Published Date Written by Roger AmsdenMEREDITH — The 34th annual Great Rotary Fishing Derby opens today with a new set of rules and a cash-only prize structure and derby officials hoping that there will be a good turnout despite a widely heralded winter storm sweeping across New England.
''It was looking good until Wednesday when we got reports that there was a major storm expected for the first part of the weekend. It wasn't feasible to cancel on such short notice, so we decided to go ahead with it and hope for the best,'' said Jim Nagle, 2013 Derby chairman.
He said that the response to the new prize structure, which eliminates tagged rainbow trout as the only fish which qualify for major prizes, has been very positive.
Now fishermen who catch the largest white perch, yellow perch, cusk, pickerel, black crappie, lake trout, and rainbow trout all have an equal chance at the top prizes. The fishermen who land the largest fish from each of the seven categories on Saturday and Sunday will qualify for a drawing on Sunday, at which the three top prizes, $15,000 for first, $5,000 for second and $3,000 for third prize, will be awarded.
''A lot of fishermen have told me that they really like it because it enables them to fish the way they normally do and not have to change their style. If they usually fish for black crappie they can continue to do that and still be eligible for the top prize. And, because they can fish in any body of water in the state open to the public, they can fish closer to home or in the places where they've had good luck in the past. It also reduces the fishing pressure on Lake Winnipesaukee'' said Nagle.
He said that the change to cash only prizes is also popular. ''The winners of the ATV prizes the last couple of years have all sold their prizes. We decided that it would be better to give them money and let them make their own decision,'' said Nagle.
A trio of fishermen who were on the ice in Meredith Bay Friday morning said they thought that the rules change was a good thing.
''I like it this way. Now you can win with any fish,'' said Todd Stevens of Gilford, who had just landed a deformed lake trout which at some point had been snagged by a fishing line which had wrapped around its' body so that it had a humpback look.
''That happens a lot. The fish grows that way until the line breaks,'' said Stevens, who was told by his fishing partner Rodney Allen of Gilford that the trout was 19 inches long and that if it had been landed Saturday would have qualified for entry in the derby.
Harley Winchester of Merrimack said that he really likes the rules change. ''Now people from anywhere in the state can take part in the derby while fishing close to home. It's a great event and it lets more people take part what has become a real tradition for ice fishermen''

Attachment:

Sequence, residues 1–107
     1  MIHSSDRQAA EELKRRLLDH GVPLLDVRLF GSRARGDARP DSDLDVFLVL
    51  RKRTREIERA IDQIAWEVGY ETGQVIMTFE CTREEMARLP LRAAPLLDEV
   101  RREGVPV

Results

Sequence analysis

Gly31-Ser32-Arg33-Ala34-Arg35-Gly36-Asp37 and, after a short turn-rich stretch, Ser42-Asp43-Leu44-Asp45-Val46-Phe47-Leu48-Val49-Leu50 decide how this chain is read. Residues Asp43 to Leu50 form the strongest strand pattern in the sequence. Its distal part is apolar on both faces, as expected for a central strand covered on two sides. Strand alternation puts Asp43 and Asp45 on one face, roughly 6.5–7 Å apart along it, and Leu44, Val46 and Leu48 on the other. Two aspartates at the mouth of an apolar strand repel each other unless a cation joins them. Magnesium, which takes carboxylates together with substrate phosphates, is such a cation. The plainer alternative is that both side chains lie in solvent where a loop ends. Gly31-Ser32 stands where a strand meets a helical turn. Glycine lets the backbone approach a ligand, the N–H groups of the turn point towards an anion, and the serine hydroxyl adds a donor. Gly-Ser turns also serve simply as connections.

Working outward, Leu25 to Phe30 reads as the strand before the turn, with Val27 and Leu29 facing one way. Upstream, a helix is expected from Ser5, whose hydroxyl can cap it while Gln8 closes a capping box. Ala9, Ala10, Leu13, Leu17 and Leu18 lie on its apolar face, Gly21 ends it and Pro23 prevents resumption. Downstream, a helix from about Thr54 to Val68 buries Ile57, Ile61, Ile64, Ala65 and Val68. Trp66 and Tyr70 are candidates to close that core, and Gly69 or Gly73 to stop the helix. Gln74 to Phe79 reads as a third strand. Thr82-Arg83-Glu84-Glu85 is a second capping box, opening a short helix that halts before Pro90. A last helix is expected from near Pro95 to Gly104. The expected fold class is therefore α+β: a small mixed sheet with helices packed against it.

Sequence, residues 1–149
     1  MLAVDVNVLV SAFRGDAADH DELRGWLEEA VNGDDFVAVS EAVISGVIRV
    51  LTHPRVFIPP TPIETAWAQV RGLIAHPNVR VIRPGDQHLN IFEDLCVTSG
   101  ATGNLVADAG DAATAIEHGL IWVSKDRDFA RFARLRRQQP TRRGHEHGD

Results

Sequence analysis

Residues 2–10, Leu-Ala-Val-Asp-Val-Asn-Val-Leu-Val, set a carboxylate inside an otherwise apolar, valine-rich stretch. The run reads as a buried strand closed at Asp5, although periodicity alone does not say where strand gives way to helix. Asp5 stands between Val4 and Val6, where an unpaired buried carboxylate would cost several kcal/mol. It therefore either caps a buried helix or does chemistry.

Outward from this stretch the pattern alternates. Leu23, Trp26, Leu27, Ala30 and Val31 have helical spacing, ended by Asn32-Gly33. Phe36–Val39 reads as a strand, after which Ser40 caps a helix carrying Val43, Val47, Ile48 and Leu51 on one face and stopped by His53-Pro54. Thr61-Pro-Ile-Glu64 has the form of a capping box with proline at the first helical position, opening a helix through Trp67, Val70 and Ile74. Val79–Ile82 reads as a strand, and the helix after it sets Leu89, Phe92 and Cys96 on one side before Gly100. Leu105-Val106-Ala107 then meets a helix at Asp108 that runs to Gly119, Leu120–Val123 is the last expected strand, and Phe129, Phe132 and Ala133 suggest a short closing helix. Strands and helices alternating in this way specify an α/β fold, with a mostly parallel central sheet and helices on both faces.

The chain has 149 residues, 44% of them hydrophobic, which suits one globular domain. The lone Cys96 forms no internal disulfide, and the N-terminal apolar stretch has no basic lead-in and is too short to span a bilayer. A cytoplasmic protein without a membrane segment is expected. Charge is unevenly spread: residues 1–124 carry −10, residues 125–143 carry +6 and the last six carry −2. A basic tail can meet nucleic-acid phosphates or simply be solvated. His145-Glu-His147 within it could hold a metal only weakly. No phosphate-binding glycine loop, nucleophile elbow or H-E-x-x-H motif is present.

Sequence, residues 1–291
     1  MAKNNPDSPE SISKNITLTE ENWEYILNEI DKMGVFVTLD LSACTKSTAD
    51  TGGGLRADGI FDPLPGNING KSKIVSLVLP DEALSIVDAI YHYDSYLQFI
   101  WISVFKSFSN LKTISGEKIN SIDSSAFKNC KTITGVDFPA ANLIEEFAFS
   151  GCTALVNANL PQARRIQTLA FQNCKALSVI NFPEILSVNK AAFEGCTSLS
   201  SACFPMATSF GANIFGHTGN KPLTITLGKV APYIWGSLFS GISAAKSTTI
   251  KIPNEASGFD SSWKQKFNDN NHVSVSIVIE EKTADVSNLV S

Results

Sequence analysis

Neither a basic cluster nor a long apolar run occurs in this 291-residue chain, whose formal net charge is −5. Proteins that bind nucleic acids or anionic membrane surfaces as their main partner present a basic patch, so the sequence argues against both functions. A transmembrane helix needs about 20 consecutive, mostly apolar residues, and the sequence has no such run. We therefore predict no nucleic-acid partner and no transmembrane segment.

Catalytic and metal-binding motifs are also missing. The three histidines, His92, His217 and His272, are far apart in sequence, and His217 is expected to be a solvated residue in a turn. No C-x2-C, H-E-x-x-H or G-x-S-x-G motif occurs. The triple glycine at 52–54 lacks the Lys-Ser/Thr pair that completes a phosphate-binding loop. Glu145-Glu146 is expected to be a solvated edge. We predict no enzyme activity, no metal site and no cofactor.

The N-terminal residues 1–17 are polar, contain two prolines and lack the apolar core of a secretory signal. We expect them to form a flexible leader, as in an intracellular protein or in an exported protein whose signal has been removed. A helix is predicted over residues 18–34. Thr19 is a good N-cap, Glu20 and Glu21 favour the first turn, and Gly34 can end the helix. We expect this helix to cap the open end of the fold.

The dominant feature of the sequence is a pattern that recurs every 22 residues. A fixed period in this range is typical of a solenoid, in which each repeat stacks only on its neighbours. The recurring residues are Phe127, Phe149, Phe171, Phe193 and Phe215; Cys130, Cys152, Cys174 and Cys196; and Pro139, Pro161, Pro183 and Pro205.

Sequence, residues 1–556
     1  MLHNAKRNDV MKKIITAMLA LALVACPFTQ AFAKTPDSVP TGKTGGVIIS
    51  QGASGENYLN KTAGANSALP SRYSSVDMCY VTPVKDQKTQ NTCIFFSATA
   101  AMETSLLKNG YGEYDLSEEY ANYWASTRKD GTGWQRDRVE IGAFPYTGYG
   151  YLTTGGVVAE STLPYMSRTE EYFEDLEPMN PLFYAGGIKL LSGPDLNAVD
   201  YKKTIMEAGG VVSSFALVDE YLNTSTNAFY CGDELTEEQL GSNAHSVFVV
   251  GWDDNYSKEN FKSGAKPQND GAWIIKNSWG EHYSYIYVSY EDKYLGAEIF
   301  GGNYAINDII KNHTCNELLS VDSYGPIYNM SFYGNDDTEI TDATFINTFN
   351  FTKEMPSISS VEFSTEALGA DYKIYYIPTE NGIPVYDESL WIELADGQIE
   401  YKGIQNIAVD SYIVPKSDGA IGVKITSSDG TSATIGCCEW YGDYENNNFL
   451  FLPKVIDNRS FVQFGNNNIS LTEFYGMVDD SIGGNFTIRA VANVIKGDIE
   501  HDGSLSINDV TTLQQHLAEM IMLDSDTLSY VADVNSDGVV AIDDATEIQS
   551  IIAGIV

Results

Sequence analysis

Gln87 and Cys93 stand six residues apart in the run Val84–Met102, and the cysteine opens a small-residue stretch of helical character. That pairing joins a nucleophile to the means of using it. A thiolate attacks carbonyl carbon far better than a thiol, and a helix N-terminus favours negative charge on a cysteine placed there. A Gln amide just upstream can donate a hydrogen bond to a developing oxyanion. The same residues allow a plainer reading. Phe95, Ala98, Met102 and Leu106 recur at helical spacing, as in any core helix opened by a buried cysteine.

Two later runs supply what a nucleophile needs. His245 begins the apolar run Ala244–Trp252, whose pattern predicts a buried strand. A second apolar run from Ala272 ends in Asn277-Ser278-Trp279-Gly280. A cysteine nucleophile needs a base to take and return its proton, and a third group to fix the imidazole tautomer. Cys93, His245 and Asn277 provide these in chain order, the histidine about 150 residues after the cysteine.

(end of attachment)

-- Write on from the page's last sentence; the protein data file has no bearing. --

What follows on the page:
With fish from any public waterbody in the state now eligible for prizes Derby officials are expected to be keeping a close eye on entries to make certain they qualify.
Concerns over the possibility of cheating were raised by what happened on the last day of the 2012 derby, when two large untagged rainbow trout were weighed in just before the close of entries and took the top two spots for the day.
Fish and Game biologist Don Miller, who was at the weigh-in station, said that he told Derby officials that the fish were a different strain of rainbow trout than that stocked by the state.
''I'd never seen anything like these fish and thought that they must have been taken from a stocked pond,'' said Miller.
Jim Wallace of the Meredith Rotary Club said the fish had a copper color, which he attributed to the ''pellet food'' which they were most likely fed. He said that many of the other fishermen near the leader board commented on the unusual color and size of the fish.
''We gave them the prize money, but cancelled the checks the next day after we found out from Fish and Game that the fish most likely came from a private pond in Kingston. Fish and Game told us that an officer had been sent to investigate at a private pond there that was closed to the public and found that there were signs that someone had fished through the ice.'' said Wallace.
Rodney Allen and Todd Stevens, both from Gilford, were ice fishing on Meredith Bay Friday along with their friend Harley Winchester, inside the tent, of Merrimack, in anticipation of the 34th Annual Great Rotary Fishing Derby which opens today. (Roger Amsden/for The Laconia Daily Sun)